Naviaux on Oxidative Stress vs Shielding.

Remy

Administrator
I haven't read this in any detail yet but figured we might want to become more familiar with Dr Naviaux's previous work.

As always, emphasis is mine.

http://jpet.aspetjournals.org/content/342/3/608.long

In this review I report evidence that the mainstream field of oxidative damage biology has been running fast in the wrong direction for more than 50 years. Reactive oxygen species (ROS) and chronic oxidative changes in membrane lipids and proteins found in many chronic diseases are not the result of accidental damage. Instead, these changes are the result of a highly evolved, stereotyped, and protein-catalyzed “oxidative shielding” response that all eukaryotes adopt when placed in a chemically or microbially hostile environment.

The machinery of oxidative shielding evolved from pathways of innate immunity designed to protect the cell from attack and limit the spread of infection. Both oxidative and reductive stress trigger oxidative shielding. In the cases in which it has been studied explicitly, functional and metabolic defects occur in the cell before the increase in ROS and oxidative changes.

ROS are the response to disease, not the cause. Therefore, it is not the oxidative changes that should be targeted for therapy, but rather the metabolic conditions that create them.

This fresh perspective is relevant to diseases that range from autism, type 1 diabetes, type 2 diabetes, cancer, heart disease, schizophrenia, Parkinson's disease, and Alzheimer disease. Research efforts need to be redirected. Oxidative shielding is protective and is a misguided target for therapy. Identification of the causal chemistry and environmental factors that trigger innate immunity and metabolic memory that initiate and sustain oxidative shielding is paramount for human health.
 

Cort

Founder of Health Rising and Phoenix Rising
Staff member
I haven't read this in any detail yet but figured we might want to become more familiar with Dr Naviaux's previous work.

As always, emphasis is mine.

http://jpet.aspetjournals.org/content/342/3/608.long
I think this is great. I've questioned whether antioxidants can do the trick with oxidative stress. I'm sure that they help but not to the degree to which we would like. Naviaux is obviously more interested in getting at the cause.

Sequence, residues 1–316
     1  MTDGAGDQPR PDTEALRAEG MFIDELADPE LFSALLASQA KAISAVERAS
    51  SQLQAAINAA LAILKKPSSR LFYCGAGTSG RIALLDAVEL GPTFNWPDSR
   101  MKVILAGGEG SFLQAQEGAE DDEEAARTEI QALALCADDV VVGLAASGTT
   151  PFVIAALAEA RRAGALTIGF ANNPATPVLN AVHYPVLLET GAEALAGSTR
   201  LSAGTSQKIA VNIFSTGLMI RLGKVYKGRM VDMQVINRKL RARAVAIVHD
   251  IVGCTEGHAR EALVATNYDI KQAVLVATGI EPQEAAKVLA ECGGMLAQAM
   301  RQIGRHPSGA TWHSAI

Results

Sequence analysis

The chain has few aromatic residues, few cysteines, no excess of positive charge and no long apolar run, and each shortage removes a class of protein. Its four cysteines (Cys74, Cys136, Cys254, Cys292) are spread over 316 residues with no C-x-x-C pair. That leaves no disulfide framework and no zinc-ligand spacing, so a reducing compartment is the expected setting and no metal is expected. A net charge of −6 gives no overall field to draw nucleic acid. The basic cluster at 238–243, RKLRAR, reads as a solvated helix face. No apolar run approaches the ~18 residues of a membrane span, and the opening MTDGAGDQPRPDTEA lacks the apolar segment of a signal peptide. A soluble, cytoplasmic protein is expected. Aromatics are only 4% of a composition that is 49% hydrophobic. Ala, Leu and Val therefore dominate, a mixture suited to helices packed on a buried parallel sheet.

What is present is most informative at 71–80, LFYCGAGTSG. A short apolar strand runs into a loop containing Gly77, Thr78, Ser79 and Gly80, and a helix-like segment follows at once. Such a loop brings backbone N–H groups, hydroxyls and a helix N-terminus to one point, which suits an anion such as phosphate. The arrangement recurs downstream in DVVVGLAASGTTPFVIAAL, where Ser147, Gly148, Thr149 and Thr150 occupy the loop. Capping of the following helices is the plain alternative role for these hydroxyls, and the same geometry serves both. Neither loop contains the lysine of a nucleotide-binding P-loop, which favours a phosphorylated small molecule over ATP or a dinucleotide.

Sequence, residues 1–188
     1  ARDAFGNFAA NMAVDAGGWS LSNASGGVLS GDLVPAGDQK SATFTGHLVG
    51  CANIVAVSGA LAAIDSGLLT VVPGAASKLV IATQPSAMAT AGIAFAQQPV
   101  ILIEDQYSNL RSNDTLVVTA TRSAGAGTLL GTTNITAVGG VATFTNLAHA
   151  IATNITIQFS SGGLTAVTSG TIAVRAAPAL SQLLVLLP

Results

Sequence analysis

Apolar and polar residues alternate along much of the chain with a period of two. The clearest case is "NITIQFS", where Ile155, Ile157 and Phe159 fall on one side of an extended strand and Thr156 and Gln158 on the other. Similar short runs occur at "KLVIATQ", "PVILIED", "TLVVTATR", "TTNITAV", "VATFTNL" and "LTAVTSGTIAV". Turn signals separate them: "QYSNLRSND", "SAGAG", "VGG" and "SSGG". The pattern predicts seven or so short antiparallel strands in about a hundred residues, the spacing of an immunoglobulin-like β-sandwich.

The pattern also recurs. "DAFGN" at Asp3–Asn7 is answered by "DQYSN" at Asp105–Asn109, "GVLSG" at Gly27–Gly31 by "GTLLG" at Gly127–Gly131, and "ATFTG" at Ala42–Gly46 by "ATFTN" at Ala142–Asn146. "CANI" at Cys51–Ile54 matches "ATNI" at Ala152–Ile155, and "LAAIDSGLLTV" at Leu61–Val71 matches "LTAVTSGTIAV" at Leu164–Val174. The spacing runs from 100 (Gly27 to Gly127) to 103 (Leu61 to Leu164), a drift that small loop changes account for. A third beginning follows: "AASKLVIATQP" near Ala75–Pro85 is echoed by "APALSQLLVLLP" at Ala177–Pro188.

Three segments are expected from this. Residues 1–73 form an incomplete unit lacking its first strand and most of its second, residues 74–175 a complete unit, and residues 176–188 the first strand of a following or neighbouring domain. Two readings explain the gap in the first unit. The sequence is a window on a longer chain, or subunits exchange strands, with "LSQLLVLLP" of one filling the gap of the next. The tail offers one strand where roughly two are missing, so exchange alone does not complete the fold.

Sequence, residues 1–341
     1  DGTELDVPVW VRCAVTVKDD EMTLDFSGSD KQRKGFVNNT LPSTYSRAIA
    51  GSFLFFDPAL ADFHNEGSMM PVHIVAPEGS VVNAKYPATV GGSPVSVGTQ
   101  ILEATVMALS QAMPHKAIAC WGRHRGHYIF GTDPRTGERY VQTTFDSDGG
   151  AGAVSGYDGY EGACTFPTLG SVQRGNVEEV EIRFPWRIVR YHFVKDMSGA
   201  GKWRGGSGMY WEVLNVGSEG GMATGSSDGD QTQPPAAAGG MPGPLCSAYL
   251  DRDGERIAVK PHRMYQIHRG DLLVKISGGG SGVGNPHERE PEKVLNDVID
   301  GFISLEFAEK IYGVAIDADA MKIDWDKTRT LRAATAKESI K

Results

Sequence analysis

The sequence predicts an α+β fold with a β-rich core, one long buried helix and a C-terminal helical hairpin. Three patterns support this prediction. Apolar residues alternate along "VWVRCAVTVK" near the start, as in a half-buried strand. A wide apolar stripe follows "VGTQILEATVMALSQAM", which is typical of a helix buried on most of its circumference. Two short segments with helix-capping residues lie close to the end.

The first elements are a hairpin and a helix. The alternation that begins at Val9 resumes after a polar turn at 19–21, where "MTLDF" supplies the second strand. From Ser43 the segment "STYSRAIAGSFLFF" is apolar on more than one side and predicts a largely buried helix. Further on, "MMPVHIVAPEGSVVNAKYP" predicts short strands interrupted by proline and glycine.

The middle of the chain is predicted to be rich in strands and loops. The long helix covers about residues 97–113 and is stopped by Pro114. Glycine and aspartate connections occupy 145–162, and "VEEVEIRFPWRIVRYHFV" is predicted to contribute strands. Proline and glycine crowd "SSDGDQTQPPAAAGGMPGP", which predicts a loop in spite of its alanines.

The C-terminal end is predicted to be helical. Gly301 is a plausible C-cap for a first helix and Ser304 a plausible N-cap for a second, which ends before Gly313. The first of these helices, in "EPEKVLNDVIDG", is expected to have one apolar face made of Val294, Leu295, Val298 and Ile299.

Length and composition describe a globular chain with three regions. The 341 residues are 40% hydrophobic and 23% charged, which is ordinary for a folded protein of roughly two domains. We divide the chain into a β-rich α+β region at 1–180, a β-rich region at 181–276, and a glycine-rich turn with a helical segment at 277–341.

How interesting that oxidative shielding evolved from innate immune system pathways as the innate immune system appears to be messed up in ME/CFS.

Time will tell but Naviaux looks like a great addition to the ME/CFS research universe.
 

Cort

Founder of Health Rising and Phoenix Rising
Staff member
Treatment of oxidative changes in chronic disease with antioxidants is similar to treating a fever with aspirin instead of treating the pneumonia. Naviaux

He believes cells actually produce free radicals to protect themselves by producing a more impervious cell membrane...

....cells might choose to defend themselves from harm by intentionally making reactive oxygen species (ROS), such as superoxide and hydrogen peroxide, and by stiffening the cell membrane to make it less permeable and less vulnerable to attack, we need to start at the beginnings of life on our planet.
What Triggers the Production of Superoxide, Hydrogen Peroxide, and Other ROS?

Hostile, damaging, or unhealthy conditions surrounding the cell trigger the production of superoxide, hydrogen peroxide, and other ROS. Both stress and shielding schools agree with this answer.
What Is the Function or Purpose of ROS?

The shielding school holds that the function of ROS is, first, to protect the cell if possible, both as signaling molecules and by physically decreasing the cellular uptake, release, and exchange of potentially toxic pathogens or chemicals from and with the environment; and second, to actively kill the cell by apoptosis or necrosis when the local environmental conditions threaten to spread to neighboring cells and jeopardize the survival of host. ROS are an effect of disease, not the prime cause.
What Is the Target of Effective Therapy in Diseases Associated with Increased ROS and ROS-Related Damage?

The shielding school holds that because the prime cause of disease can ultimately be traced back to toxic exposure, microbial pathogen, unhealthy nutritional practices, nutrient loading, or unhealthy patterns of exercise and activity therapy should be directed at eliminating these causal factors. ROS production will naturally fall back to normal levels when physiologic balance is restored.

Catalogs of the many forms of oxidative changes that are found in 100 chronic diseases provide no insight into the underlying pathogenesis of disease. Treatment of oxidative changes in chronic disease with antioxidants is similar to treating a fever with aspirin instead of treating the pneumonia.

New methods of targeted and untargeted metabolomics will help decode the language of metabolism in disease (Tautenhahn et al., 2011; Yanes et al., 2011) and assist physicians in providing personalized medical treatment. NextGen treatments will need to restore the normal “ecology” of metabolism.

It's metabolomics study that Naviaux is involved in with ME/CFS...He's definitely an interesting guy...
 

Cort

Founder of Health Rising and Phoenix Rising
Staff member
Good point! I remember some studies which found that antioxidants had negative effects. I had completely forgotten about those. I remember thinking how strange that way and thinking that I'd better not mess with them too much.

It's a strange world when oxidative stress becomes part of a protective response....


The question isn't can they affect oxidative stress. The question is should we affect oxidative stress. Naviaux says no we shouldn't. Others have been asking the same question.

The antioxidants dilemma: are they potentially immunosuppressants and carcinogens?
 

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